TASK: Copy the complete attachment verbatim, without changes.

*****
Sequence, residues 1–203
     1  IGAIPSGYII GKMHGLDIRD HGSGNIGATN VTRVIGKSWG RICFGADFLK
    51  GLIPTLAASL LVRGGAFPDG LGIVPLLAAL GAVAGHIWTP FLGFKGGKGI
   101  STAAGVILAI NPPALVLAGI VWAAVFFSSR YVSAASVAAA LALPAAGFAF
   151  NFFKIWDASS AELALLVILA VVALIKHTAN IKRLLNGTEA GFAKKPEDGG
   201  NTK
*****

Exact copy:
Sequence, residues 1–203
     1  IGAIPSGYII GKMHGLDIRD HGSGNIGATN VTRVIGKSWG RICFGADFLK
    51  GLIPTLAASL LVRGGAFPDG LGIVPLLAAL GAVAGHIWTP FLGFKGGKGI
   101  STAAGVILAI NPPALVLAGI VWAAVFFSSR YVSAASVAAA LALPAAGFAF
   151  NFFKIWDASS AELALLVILA VVALIKHTAN IKRLLNGTEA GFAKKPEDGG
   201  NTK